For women who miss a breast screening appointment, giving a fixed date and time for a new appointment could improve poor attendance and be a cost-effective way to shift national participation trends, according to an analysis led by Queen Mary University of London (QMUL).
In England, participation in breast cancer screening has been falling in the last ten years, getting close to the national minimum standard of 70 per cent, with screening particularly low in areas of socioeconomic deprivation.
The NHS Breast Screening Programme (NHSBSP) invites women aged 50-70 to mammographic screening every three years. The usual practice for those who don’t attend their first offered appointment is to issue them with a second invitation letter. Some centres supply ‘open’ invitations, asking women to telephone to make an appointment, while others send an invitation with a fixed date and time, requiring no effort from the invitee to book an appointment.
To test how effective each approach is, a randomised controlled trial took place in six NHSBSP centres in England, involving 26,000 women who had not attended their last appointment.
The results, published in Lancet Oncology, showed that attendance within 90 days of the first offered appointment was significantly higher for those receiving a timed appointment (22.3 per cent) than those receiving an open invitation (12.3 per cent), and the increase was higher for women with a lower socioeconomic status.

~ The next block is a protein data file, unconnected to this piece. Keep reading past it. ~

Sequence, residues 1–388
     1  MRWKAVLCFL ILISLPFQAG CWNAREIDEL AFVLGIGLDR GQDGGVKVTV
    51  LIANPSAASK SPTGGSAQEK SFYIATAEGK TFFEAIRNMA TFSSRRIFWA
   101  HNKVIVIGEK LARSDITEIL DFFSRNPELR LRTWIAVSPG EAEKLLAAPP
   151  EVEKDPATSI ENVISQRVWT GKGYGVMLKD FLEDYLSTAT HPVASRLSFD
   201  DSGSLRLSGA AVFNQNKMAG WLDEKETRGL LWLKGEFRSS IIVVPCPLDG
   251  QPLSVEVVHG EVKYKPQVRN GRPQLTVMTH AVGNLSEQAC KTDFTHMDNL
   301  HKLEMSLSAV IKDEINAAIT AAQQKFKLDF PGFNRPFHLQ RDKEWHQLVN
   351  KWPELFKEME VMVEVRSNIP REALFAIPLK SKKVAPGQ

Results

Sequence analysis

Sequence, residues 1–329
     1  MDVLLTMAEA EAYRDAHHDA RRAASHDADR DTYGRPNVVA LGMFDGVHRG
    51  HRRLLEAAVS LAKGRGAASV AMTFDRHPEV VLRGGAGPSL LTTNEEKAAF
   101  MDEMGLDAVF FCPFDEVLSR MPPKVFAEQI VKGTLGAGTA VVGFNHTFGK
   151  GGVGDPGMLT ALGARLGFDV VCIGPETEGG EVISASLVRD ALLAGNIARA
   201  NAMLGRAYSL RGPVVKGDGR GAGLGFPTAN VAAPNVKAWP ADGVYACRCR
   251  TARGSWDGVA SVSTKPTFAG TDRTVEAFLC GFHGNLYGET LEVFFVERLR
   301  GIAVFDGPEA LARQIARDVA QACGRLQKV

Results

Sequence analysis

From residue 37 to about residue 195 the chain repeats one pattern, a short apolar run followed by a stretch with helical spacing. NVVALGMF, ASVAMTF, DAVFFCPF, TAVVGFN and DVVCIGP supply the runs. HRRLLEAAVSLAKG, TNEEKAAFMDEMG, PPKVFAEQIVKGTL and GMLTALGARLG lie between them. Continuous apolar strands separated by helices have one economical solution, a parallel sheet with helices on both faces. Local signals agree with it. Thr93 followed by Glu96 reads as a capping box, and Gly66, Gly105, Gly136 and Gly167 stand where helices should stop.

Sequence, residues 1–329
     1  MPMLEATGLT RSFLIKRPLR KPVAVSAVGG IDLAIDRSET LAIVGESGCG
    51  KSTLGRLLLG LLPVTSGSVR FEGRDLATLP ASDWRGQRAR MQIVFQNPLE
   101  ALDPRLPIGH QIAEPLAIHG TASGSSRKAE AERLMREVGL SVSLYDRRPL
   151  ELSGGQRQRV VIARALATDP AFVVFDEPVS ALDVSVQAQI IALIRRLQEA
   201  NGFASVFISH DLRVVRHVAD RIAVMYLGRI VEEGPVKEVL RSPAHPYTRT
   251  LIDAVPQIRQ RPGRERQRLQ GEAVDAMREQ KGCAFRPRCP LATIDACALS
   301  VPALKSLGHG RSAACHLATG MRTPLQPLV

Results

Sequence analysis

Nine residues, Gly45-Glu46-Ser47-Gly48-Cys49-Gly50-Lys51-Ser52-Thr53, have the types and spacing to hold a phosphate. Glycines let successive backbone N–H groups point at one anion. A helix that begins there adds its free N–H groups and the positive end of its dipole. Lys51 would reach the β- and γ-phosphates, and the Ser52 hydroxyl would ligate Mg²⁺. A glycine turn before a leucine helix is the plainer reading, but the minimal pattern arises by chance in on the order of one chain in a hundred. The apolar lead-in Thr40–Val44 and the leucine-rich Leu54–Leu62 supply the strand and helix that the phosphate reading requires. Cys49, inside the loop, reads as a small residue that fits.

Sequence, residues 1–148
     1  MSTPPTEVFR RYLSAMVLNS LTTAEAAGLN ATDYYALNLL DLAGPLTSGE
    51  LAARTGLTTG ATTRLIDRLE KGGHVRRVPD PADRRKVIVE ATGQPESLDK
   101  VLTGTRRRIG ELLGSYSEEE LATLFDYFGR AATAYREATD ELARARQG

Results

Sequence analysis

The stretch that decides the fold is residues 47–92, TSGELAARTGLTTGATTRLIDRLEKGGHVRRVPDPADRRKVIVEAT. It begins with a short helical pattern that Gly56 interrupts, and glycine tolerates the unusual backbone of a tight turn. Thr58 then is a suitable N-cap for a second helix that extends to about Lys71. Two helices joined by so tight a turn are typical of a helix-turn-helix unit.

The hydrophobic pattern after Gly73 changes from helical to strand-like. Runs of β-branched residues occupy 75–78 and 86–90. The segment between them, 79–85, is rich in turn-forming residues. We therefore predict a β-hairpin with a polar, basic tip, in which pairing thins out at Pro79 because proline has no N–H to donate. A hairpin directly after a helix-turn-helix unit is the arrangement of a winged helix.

Offering a second timed appointment caused an absolute increase in attendance of 10.4 per cent. The greatest absolute increase in attendance was seen in South East London (13.8 per cent), followed by Sheffield (11.5 per cent), Derby (11 per cent), West London (9.6 per cent), Plymouth (8.2 per cent) and Hull (7.4 per cent).
Lead researcher Professor Stephen Duffy from QMUL's Wolfson Institute of Preventive Medicine said: “We often feel that it is too difficult to change people’s behaviour, and we should just let people do what they do. But this study seems to indicate that fairly simple changes do substantially change behaviour, and can increase the rate of participation of screening.”
The researchers even found that offering fixed appointments had a substantial benefit with women who hadn’t attended a screening appointment in the last six years, and a small benefit with women who hadn’t attended for nine years.
Offering timed appointments could also be cost-effective if applied when overbooking appointment slots.
Professor Duffy explained: “Clinics currently overbook appointments to take account of the fact that those invited don’t all turn up, but these decisions sometimes have to be made on incomplete information. This study helps estimate how likely it is a previous non-attender would show up to their second timed appointment, and could be used to aid decisions on how much to overbook on those time slots.”
The study was funded by the National Health Service Cancer Screening Programmes and Department of Health Policy Research Programme.
Although the six sites were spread across England, a limitation of the study is that they might potentially not be representative of the English population overall.
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